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If plants fail to thrive, despite adequate soil preparation, watering and mulching, it may be a sign of a nutrient deficiency. Fruit and vegetables are particularly vulnerable, as are containerised plants and those growing in very acid or alkaline soils. Yellow or reddish coloured leaves, stunted growth and poor flowering are all common symptoms of nitrogen, magnesium or potassium deficiency.
Magnesium deficiency on a tomato. Credit:RHS/The Garden.
Some garden soils and potting composts suffer from a lack of nutrient content, leading to deficiency symptoms in the plants growing in them.
Plants can also suffer deficiencies where the growing conditions are poor and the plants are unable to take up nutrients present in the soil. Very acid or alkaline conditions, dryness and waterlogging can all make it difficult for plants to take up soil nutrients.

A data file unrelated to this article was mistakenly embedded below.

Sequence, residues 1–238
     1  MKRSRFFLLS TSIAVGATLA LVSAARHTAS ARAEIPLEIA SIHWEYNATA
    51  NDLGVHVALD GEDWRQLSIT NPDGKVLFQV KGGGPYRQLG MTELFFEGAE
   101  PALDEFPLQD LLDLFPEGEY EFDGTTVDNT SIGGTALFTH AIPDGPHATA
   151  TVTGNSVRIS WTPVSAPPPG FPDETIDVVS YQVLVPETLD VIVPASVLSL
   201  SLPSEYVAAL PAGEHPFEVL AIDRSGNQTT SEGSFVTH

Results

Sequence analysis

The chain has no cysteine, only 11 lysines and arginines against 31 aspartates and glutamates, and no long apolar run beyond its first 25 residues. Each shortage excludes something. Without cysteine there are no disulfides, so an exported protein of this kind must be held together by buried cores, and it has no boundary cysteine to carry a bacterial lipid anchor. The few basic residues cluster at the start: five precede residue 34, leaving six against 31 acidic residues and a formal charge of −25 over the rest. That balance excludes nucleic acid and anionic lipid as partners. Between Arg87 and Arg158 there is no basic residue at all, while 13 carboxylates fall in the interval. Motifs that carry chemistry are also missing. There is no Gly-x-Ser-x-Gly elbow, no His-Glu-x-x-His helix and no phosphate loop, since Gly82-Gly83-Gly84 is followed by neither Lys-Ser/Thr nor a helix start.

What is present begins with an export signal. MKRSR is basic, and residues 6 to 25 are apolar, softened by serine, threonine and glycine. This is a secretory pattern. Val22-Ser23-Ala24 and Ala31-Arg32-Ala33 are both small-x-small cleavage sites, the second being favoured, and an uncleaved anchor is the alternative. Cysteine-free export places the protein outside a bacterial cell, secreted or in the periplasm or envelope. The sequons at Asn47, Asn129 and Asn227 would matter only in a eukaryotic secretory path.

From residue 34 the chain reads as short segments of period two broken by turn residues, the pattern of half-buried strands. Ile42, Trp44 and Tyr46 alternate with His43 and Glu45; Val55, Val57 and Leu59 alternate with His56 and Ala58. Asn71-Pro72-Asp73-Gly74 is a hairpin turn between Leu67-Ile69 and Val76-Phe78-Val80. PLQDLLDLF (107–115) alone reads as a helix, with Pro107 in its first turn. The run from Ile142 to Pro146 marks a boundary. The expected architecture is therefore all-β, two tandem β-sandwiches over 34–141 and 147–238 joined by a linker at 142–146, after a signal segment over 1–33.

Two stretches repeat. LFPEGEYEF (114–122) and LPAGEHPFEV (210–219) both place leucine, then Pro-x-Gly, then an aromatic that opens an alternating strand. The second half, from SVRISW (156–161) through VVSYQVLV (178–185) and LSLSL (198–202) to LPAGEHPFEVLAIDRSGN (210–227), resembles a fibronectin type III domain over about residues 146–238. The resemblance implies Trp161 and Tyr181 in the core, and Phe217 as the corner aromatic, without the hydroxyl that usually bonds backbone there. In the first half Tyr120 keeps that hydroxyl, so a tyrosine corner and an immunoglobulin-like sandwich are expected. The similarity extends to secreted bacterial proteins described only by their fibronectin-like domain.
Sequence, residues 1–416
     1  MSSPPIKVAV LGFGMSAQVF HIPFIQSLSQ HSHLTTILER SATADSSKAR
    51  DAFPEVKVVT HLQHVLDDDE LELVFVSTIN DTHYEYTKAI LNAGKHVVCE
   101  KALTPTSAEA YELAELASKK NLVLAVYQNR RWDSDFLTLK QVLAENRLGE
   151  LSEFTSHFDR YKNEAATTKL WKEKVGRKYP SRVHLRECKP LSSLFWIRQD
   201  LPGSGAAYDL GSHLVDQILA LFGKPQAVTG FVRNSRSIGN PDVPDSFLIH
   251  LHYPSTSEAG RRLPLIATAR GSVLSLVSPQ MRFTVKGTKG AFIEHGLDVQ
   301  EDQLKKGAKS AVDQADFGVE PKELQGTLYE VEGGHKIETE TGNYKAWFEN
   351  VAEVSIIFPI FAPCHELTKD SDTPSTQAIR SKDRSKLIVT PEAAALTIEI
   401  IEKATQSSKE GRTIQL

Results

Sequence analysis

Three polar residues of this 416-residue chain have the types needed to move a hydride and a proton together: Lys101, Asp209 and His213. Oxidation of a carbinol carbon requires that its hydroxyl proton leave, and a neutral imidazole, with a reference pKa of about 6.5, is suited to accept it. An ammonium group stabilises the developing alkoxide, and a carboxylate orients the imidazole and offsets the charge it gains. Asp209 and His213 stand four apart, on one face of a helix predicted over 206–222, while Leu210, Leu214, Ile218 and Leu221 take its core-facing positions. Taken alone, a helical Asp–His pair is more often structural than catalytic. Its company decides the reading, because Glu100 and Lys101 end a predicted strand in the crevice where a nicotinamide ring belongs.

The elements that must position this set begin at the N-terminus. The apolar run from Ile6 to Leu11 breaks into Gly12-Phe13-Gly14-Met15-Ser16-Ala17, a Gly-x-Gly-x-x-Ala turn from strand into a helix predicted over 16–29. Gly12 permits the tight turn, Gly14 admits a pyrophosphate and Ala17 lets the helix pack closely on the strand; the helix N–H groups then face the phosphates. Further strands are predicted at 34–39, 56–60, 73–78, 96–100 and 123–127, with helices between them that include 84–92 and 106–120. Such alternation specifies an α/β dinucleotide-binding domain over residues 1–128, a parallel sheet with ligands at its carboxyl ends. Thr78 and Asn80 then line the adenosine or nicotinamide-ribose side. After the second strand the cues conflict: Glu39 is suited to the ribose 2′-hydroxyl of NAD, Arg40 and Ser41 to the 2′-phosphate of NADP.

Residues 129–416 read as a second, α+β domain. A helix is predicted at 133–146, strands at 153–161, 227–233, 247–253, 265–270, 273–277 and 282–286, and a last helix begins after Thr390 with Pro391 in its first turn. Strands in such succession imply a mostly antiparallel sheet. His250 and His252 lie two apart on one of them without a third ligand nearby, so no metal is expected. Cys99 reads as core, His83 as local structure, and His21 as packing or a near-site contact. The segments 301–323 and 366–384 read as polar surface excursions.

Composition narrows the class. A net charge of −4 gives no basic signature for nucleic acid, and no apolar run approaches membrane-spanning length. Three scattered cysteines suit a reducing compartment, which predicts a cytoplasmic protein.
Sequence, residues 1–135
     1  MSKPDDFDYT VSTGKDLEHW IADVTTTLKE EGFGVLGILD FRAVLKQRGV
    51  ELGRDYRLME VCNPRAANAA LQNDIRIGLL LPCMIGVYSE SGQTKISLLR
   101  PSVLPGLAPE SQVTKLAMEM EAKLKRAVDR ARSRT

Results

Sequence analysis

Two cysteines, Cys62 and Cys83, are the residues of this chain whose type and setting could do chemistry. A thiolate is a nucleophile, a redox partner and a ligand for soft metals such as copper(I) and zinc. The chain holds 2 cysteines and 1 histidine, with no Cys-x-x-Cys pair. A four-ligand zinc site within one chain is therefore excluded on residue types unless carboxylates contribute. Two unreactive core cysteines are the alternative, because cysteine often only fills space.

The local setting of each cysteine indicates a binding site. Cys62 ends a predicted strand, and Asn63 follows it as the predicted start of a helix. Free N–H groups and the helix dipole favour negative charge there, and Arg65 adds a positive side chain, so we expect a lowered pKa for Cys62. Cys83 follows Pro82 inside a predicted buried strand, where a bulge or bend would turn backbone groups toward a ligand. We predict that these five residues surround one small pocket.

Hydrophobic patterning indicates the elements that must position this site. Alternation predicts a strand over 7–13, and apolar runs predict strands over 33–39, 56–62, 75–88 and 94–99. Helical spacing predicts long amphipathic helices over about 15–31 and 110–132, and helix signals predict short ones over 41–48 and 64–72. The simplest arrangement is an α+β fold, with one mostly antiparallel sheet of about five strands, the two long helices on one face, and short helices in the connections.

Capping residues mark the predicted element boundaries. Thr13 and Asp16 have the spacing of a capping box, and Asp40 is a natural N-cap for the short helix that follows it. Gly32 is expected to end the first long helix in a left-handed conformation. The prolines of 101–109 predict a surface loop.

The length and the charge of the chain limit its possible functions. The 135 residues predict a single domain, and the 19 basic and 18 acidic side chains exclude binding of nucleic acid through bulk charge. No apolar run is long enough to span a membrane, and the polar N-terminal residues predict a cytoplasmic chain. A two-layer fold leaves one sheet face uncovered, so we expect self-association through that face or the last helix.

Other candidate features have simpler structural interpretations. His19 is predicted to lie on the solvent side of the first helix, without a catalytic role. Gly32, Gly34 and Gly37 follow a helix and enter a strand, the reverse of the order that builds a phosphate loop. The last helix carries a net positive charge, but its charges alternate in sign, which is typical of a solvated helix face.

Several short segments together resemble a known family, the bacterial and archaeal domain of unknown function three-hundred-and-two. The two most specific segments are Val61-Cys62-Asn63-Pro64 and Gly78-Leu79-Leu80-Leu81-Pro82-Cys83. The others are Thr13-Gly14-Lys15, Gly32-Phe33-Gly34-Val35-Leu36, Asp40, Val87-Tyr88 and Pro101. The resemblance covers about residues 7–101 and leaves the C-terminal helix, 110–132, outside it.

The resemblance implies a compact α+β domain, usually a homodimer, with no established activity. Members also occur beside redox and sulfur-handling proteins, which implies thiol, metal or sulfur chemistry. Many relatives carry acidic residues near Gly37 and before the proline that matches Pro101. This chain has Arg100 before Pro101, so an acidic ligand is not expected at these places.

Nutrient deficiencies cause symptoms such as leaf yellowing or browning, sometimes in distinctive patterns. This may be accompanied by stunted growth and poor flowering or fruiting.
FertilisersLime and limingAcidifying soilSoil typesSoils: understanding pH and testing
FertilisersSoil typesPlant nutritionLeaf damage on woody plantsBrown leaves on woody plants
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The Royal Horticultural Society is the UK’s leading gardening charity. We aim to enrich everyone’s life through plants, and make the UK a greener and more beautiful place.